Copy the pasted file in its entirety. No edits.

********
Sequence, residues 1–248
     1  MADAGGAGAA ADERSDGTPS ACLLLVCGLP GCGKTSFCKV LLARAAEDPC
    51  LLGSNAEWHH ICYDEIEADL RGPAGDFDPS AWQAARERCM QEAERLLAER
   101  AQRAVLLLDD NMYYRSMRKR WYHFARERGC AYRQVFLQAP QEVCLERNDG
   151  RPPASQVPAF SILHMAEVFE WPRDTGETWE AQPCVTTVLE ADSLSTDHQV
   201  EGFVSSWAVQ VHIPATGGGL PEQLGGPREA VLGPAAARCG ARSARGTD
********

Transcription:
Sequence, residues 1–248
     1  MADAGGAGAA ADERSDGTPS ACLLLVCGLP GCGKTSFCKV LLARAAEDPC
    51  LLGSNAEWHH ICYDEIEADL RGPAGDFDPS AWQAARERCM QEAERLLAER
   101  AQRAVLLLDD NMYYRSMRKR WYHFARERGC AYRQVFLQAP QEVCLERNDG
   151  RPPASQVPAF SILHMAEVFE WPRDTGETWE AQPCVTTVLE ADSLSTDHQV
   201  EGFVSSWAVQ VHIPATGGGL PEQLGGPREA VLGPAAARCG ARSARGTD